Both of these factors combined make for an extremely unsatisfactory magical experience. On the plus side, the controllable Hero has an excellent selection of spells himself and having an all-melee party isn't so bad when Taloon's antics always manage to bring smiles.
The equipment selection is better than average and there is a good number of invokable pieces for melee characters to use. Unfortunately, the AI uses the items just as poorly as spells and usually results in a wasted turn. Still, having weapons and armour made out of the corpses of freaking Metal Babbles is such a huge turn on. 8/20
Combat & Monsters
Due to the suckiness of magic usage mentioned above, combat inevitably becomes melee-oriented button mashing. I did experiment with the spellcasters during grinds when I don't care so much about retaining MP. The offensive magicks were somewhat effective; damaging spells are always appreciated but buffs are generally only needed during boss fights. The healers I found to be much too unreliable by not casting their spells early enough and risking a death should a particularly agile beast get the first strike. It's fun enough for awhile to watch them do their own thang but when it's time to get down to serious bizness, it's just annoying.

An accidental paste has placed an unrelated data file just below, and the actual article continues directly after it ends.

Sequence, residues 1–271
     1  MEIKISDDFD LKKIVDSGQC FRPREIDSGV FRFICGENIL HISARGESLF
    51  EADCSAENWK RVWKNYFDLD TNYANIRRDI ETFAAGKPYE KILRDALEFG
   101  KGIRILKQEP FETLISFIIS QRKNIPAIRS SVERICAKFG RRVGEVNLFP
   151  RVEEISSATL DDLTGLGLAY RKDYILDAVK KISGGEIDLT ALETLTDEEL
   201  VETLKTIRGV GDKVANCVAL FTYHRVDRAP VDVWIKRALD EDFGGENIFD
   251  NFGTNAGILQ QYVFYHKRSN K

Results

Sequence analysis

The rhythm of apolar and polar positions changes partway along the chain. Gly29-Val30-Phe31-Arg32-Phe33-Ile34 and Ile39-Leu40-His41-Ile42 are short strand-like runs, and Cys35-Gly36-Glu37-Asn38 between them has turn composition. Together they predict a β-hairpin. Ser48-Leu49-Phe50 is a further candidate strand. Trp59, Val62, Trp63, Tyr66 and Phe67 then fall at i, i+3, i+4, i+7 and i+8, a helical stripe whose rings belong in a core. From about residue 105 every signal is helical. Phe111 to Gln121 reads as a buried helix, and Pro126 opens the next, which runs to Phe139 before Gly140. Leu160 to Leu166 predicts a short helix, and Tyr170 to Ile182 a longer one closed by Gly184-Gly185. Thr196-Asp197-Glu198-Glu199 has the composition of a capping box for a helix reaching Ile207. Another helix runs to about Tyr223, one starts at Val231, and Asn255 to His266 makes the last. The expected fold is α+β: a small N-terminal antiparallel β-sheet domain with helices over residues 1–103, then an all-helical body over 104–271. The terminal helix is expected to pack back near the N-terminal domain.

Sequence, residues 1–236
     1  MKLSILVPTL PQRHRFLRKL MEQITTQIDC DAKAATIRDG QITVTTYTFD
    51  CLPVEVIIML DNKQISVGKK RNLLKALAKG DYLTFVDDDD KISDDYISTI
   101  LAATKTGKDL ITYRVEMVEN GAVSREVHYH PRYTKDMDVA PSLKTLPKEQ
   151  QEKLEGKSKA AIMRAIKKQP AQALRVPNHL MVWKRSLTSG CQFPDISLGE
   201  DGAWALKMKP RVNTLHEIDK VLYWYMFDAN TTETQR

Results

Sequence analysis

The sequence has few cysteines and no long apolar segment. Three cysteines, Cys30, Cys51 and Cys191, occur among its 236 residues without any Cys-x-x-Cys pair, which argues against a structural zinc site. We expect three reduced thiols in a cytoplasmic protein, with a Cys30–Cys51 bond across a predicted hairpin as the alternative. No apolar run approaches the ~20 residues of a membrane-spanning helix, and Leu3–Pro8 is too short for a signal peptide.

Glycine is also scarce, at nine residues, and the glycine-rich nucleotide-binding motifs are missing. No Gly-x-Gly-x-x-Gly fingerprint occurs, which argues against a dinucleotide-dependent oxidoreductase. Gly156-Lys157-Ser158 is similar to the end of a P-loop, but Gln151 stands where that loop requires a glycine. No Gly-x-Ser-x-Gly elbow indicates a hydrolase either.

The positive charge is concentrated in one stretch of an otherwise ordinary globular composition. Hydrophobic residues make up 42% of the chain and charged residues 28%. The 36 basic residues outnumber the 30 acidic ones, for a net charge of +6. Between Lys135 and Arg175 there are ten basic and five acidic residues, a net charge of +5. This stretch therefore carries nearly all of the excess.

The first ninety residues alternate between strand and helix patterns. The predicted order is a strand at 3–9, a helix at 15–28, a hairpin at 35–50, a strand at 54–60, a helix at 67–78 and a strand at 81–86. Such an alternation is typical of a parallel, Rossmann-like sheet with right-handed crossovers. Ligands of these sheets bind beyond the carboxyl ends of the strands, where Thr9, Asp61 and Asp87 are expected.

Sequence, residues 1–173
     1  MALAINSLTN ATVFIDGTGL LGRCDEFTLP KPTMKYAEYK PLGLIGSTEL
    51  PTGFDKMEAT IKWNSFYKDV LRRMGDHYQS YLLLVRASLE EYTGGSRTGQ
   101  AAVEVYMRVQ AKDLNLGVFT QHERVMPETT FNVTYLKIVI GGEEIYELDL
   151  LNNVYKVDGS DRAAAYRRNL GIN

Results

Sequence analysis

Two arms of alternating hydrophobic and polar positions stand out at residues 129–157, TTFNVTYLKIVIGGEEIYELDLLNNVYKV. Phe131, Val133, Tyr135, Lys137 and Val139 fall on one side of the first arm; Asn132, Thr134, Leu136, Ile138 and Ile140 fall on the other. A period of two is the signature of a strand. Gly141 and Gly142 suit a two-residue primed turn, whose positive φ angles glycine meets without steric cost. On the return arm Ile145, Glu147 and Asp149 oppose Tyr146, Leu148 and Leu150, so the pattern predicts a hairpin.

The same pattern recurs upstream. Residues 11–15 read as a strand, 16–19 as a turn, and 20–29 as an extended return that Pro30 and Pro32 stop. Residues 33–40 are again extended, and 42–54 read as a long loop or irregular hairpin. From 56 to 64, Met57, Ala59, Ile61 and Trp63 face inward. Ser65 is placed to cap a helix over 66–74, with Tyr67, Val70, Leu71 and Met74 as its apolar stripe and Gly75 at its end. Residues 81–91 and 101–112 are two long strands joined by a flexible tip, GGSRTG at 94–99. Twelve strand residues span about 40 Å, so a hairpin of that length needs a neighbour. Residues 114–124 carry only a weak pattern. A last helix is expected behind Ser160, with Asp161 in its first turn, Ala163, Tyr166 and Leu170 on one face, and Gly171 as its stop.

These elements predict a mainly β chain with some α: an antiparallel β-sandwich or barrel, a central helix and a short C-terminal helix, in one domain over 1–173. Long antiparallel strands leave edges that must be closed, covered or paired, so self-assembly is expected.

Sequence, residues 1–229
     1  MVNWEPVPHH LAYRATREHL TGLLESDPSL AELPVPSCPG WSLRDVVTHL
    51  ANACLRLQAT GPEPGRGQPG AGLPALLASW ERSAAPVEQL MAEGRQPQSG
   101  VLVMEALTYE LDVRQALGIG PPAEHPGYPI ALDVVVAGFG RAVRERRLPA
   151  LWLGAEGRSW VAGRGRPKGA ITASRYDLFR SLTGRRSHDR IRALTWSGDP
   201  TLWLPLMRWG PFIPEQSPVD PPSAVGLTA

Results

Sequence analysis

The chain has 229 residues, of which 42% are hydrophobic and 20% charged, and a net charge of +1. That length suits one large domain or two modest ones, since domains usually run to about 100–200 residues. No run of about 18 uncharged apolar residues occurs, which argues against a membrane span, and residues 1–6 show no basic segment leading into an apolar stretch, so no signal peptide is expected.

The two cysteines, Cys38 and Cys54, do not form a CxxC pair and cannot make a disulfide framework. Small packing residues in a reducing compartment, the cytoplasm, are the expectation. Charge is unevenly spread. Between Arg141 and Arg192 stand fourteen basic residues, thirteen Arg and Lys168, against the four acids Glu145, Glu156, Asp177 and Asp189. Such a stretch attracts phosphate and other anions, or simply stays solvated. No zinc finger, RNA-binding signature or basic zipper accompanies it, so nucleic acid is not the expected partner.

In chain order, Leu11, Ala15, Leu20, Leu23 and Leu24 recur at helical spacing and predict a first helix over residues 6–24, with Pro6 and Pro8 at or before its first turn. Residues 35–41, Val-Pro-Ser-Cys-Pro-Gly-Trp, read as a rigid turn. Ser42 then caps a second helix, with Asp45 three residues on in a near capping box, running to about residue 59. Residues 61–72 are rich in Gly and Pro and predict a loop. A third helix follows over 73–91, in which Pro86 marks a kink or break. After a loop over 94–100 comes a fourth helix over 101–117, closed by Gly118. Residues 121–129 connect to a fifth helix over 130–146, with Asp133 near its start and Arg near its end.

There is enough variety in the types of monsters to satisfy; many have abilities beyond just melee attacks. There's also a high number of unique boss encounters, which would have been far more fun if I was allowed to tactically use magic. Sorry to harp on this but it really is a major disappointment; having battles that rely heavily on chance just isn't my cup of tea. AI control of party members should have been optional. 8/20